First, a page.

‘Be Natural’ preserves, promotes career of pioneering female film director

Posted 8/28/19

“Be Natural: The Untold Story of Alice Guy-Blaché” is a biographical film that not only desperately needed and deserved to be made, but in the hands of director Pamela Green, it’s also an engaging tale, presented with measures of wit and eye-catching style that do justice to the pioneering work of Guy-Blaché herself.

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‘Be Natural’ preserves, promotes career of pioneering female film director

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“Be Natural: The Untold Story of Alice Guy-Blaché” is a biographical film that not only desperately needed and deserved to be made, but in the hands of director Pamela Green, it’s also an engaging tale, presented with measures of wit and eye-catching style that do justice to the pioneering work of Guy-Blaché herself.

Not only did Guy-Blaché get her start in the film industry back when there barely was a film industry to speak of — in Paris during the 1890s, only shortly after the Lumière brothers had debuted their own cinematography equipment, with their inventions likewise following in the immediate wake of Thomas Edison’s — but Guy-Blaché was also still in her 20s when she started making films.

Indeed, not only was Guy-Blaché one of the first filmmakers, but “Be Natural” makes the case that she was one of the first actual directors of films, in terms of using film to present preconceived stories, as opposed to simply filming scenes that were already happening, such as a train passing through a tunnel, or waves crashing against a shore.

The laundry list of innovations that “Be Natural” credits Guy-Blaché with helping to introduce to film-making is almost dizzying to keep track of, from films with color and synchronized sound, to what several “Saturday Night Live” alumni agree are some of the first onscreen comedy skits ever filmed, as well as the first music videos.

“Be Natural” notes Guy-Blaché’s influence on later filmmakers as well, with Alfred Hitchcock citing her by name as a source of inspiration, and Soviet film director Sergei Eisenstein even attributing his most famous shots in “Battleship Potemkin” in 1925 to a satirical short film by Guy-Blaché from 1906, entitled “The Consequences of Feminism.”

Because Guy-Blaché qualifies as a feminist role model not only for what she herself achieved as a filmmaker, but also for her propensity for putting strong, self-reliant women at the center of her filmed narratives, and in at least one instance, making a film with an all-black cast, after white actors refused to work with the black actor whom she’d cast as her lead.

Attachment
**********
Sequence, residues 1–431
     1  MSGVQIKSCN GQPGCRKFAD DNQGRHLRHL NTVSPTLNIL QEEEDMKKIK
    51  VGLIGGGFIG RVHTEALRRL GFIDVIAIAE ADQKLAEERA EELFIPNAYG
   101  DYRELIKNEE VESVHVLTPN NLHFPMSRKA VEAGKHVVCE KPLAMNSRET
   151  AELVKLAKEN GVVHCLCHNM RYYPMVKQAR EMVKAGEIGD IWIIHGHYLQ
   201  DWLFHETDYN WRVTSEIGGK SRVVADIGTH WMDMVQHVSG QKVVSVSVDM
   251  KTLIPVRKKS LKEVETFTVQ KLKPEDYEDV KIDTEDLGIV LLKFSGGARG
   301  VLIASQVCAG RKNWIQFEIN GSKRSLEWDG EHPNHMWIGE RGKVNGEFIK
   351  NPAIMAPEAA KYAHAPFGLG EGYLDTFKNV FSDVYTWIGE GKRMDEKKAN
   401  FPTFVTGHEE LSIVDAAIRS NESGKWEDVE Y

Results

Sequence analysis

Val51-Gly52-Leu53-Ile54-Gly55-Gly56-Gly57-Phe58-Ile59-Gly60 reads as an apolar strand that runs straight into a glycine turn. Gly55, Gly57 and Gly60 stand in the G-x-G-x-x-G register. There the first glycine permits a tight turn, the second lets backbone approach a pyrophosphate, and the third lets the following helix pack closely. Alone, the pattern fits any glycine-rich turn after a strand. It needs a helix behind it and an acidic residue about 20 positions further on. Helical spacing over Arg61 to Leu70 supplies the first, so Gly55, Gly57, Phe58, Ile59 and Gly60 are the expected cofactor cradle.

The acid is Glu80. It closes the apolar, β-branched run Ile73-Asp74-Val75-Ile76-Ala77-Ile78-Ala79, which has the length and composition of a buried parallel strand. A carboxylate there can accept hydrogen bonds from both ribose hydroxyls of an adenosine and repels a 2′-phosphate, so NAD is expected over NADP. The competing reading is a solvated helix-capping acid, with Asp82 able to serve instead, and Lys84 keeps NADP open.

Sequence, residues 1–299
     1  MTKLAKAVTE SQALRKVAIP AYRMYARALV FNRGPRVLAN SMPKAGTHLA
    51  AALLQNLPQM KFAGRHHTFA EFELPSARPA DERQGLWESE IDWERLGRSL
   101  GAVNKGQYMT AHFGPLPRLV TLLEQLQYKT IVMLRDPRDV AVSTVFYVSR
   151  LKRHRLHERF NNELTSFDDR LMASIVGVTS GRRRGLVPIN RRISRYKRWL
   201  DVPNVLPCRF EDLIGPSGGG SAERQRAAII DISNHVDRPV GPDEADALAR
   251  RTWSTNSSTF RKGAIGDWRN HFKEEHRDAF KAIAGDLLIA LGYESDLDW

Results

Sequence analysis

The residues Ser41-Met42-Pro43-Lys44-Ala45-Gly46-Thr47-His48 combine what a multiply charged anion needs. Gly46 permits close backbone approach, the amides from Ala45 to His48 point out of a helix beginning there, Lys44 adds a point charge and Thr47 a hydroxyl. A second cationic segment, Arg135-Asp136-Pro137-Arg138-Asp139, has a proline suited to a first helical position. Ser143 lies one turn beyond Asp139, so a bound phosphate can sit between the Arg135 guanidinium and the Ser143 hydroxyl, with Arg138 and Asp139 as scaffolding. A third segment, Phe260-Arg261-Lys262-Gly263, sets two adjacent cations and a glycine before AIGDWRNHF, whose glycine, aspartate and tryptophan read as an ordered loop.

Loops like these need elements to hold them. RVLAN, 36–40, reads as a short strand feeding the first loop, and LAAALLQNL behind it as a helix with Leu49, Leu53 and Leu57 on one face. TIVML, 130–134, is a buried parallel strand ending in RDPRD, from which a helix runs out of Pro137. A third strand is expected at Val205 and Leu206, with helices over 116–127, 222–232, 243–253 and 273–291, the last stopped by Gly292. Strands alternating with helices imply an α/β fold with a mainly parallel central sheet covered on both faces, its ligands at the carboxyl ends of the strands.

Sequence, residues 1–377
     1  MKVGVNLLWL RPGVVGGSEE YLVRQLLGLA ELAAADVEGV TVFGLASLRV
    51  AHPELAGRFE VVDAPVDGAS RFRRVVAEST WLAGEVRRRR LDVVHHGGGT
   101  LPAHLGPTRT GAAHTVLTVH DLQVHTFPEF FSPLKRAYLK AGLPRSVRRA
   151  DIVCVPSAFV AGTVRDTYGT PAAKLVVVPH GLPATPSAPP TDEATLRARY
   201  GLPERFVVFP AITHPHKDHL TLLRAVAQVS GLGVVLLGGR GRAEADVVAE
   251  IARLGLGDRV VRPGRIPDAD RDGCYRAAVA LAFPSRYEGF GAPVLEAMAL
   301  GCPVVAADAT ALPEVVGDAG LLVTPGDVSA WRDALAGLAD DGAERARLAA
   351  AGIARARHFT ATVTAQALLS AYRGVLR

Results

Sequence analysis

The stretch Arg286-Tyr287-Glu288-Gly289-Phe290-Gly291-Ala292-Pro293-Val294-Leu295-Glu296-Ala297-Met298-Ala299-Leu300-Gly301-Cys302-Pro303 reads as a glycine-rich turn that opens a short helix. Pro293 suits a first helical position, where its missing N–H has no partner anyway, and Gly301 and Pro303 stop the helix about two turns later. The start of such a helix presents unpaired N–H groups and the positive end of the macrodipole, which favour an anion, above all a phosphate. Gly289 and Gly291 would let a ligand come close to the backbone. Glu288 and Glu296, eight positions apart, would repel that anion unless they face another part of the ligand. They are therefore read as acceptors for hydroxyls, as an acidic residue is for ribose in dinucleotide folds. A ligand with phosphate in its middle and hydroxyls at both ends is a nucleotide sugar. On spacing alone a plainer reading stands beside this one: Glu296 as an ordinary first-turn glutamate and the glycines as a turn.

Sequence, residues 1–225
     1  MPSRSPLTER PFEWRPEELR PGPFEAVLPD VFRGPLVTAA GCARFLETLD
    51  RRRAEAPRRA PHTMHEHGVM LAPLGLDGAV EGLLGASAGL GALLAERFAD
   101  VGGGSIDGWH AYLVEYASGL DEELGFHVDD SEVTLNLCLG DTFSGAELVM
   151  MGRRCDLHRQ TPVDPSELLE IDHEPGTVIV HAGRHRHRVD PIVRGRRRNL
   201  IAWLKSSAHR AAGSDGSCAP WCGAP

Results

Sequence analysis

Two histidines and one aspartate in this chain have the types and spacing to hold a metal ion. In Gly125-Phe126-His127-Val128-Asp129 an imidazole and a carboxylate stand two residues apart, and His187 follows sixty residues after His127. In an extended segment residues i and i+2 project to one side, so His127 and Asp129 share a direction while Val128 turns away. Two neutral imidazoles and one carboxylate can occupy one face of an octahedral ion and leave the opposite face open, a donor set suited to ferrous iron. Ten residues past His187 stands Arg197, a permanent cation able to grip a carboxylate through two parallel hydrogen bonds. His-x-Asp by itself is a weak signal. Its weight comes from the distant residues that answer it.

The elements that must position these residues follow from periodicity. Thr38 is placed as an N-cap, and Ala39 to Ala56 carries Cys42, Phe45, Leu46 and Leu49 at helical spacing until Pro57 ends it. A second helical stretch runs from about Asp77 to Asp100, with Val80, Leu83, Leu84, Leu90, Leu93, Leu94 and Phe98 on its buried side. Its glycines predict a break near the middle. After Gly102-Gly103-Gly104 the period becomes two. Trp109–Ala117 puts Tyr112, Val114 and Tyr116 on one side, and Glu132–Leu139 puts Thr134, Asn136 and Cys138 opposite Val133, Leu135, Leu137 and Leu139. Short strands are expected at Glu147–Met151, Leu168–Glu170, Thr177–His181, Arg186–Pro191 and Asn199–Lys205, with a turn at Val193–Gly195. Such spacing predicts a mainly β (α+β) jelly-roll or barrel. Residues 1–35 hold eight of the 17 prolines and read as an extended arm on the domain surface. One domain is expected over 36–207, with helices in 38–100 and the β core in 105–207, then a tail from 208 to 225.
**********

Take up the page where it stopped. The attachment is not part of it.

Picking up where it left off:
And yet, in spite of all these contributions to the medium of film — which included becoming one of the industry’s first female moguls, by starting her own company, Solax, in America in 1910 — even bona fide film historians such as Peter Bogdanovich lament to Green’s cameras that they hadn’t heard of Guy-Blaché, whose output numbered literally thousands of films by the time her career ended in 1919.

Green turns this to the film’s advantage by devoting roughly half of “Be Natural” to the detective work she did to uncover the hidden history of Guy-Blaché, as we see Green contacting an entire family tree of Guy-Blaché’s surviving descendants, and wrestling with the often-negligent archiving of the filmmaker’s work, to connect the dots of her life and career.

Even though Green was hunting down film clips, records and other artifacts that had already sat in storage boxes and on shelves for decades, “Be Natural” conveys her race against time itself, to preserve those remnants of the past, before the film reels and tapes grew too old, fragile and incompatible to be converted to digital media.

“Be Natural” also illustrates how Guy-Blaché’s legacy was quietly omitted from the historic record, by employers who incorrectly attributed her films to other directors (all men), and then simply failed to live up to their promises to her, that they would eventually correct the record to give her the credit she was due.

Green has finally fulfilled those promises to Guy-Blaché, and “Be Natural” — named for Guy-Blaché’s guiding mantra, which the naturalistic acting of her onscreen performers lived up to — stands as an entertaining, essential part of any proper film buff’s education as a result.

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